“It is essential that the dirt and grime picked up by the hands during the working day is cleaned off before it starts to attack the skin’s natural defences and the cradle system does exactly that while killing germs ensuring that food is the only thing eaten,” she added.

In an ideal world, hand hazards would be eradicated by control measures but as it is rarely possible to guarantee anywhere a hazard free zone, then protection and prevention must be the ultimate concern.

Gloves provide the final barrier between hazard and skin, but if the glove doesn’t fit the job or it is so unwieldy that it prevents the worker from completing a task, it can be worse than wearing no glove at all. It is therefore vital that gloves are selected correctly, taking into account:

the types of hazards involved;

the demand for glove performance, such as chemical resistance or grip;

the working conditions; and

the individual’s needs including comfort and dexterity.

“Due to the extremely wide range of hazards in the workplace, it is essential to seek specialist advice from a reputable glove manufacturer to establish the most suitable hand protection,” said Martin Ireland of Marigold Industrial.

“Hands must be protected at all times when there is a risk of damage to the skin or injury to the hand itself. It is necessary for employers and employees to become aware of the risks of not protecting hands and to work together to ensure the correct gloves are selected for the job in hand. Hand protection can only be effective if gloves are chosen properly, maintained carefully and if individuals regularly observe a certain standard of hand hygiene,” he added.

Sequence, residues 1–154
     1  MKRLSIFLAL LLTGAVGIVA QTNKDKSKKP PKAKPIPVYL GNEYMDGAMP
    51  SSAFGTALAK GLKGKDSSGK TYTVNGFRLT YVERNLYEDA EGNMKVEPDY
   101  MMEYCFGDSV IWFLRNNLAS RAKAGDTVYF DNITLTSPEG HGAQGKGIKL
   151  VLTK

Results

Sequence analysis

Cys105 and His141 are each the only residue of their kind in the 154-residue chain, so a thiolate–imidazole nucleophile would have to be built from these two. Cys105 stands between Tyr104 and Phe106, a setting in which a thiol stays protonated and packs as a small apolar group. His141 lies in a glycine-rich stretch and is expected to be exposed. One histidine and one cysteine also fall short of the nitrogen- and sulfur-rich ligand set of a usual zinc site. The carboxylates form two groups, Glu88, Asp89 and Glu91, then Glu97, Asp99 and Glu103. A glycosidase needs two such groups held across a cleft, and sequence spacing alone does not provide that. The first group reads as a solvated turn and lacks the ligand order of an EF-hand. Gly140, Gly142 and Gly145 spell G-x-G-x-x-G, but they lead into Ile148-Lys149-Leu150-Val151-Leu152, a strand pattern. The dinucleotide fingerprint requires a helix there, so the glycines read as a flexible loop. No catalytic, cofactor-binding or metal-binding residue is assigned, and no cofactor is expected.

Hazards can largely be grouped into four types:

chemical – exposure to chemicals which can attack, weaken and destroy the skin both immediately and over a period of time;

mechanical – a cut, crush or general abrasion to the skin, this can include micro-injuries, barely noticeable initially but which can cause long term harm;

thermal – skin exposure to fierce heats or freezing temperatures; and

electrical – often from contact with lighting, heating and equipment used at work.

As the second largest water company in the UK covering 8,000 square miles and a population of eight million people, Severn Trent Water supplies more than 2,100 megalitres of water everyday.

“When we reviewed our use of gloves we looked at all the different working procedures that people would come across in the course of a working day and in different geographical locations. We then commissioned a glove survey to assess the situation and suggest an appropriate glove and the recommendation was a supported nitrile glove,” said Michael Miles of Severn Trent.

“The next process was to ensure that people would be happy wearing the gloves and that they were comfortable. As a result we conducted user trials involving employees, contractors and unions. Models from a variety of manufacturers were tested over a period of time and at the end the Marigold Industrial Nitrotough 650 glove was chosen,” he added.

A contractor would not work on a construction site without a hard hat or protective shoes, but they might disregard hand protection and care. Disregarding the hands, the essential tools which allow workers to perform their jobs on site, is a potential recipe for disaster.

Action inspires action. Stay ahead of the curve with sustainability and energy newsletters from edie